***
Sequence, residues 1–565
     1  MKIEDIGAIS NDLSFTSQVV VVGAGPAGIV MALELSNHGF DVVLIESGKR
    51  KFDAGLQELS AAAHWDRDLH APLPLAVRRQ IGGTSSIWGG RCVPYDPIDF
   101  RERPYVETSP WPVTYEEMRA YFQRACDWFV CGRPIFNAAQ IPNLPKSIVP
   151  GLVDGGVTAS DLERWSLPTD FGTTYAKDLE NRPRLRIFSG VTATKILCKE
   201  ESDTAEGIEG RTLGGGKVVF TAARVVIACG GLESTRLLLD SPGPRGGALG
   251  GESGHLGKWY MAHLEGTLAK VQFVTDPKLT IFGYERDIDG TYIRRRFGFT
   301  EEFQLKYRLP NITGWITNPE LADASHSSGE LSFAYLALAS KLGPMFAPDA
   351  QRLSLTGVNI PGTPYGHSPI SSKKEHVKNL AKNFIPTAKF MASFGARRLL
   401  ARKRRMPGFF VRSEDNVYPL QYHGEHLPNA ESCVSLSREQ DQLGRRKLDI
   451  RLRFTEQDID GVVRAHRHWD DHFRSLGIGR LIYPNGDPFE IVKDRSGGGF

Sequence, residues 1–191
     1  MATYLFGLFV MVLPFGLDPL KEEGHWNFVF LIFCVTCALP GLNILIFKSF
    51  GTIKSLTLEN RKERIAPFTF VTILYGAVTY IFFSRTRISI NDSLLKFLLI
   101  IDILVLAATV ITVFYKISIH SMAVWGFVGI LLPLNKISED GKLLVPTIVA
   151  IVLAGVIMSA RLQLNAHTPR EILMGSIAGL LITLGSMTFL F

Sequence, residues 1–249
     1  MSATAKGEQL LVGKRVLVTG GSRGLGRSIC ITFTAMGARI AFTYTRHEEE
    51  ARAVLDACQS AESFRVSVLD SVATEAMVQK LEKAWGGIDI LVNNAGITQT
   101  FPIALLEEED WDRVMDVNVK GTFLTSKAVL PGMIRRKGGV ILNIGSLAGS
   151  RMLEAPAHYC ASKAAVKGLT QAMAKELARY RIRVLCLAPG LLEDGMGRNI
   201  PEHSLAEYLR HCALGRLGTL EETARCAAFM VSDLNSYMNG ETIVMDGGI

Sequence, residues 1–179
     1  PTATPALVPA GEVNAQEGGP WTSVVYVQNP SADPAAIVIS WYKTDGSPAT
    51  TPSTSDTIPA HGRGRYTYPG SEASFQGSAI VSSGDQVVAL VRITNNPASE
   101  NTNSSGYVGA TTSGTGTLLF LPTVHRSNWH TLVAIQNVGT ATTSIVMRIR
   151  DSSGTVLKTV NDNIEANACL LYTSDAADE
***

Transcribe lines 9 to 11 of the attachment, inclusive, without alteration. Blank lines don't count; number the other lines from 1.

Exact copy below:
   351  QRLSLTGVNI PGTPYGHSPI SSKKEHVKNL AKNFIPTAKF MASFGARRLL
   401  ARKRRMPGFF VRSEDNVYPL QYHGEHLPNA ESCVSLSREQ DQLGRRKLDI
   451  RLRFTEQDID GVVRAHRHWD DHFRSLGIGR LIYPNGDPFE IVKDRSGGGF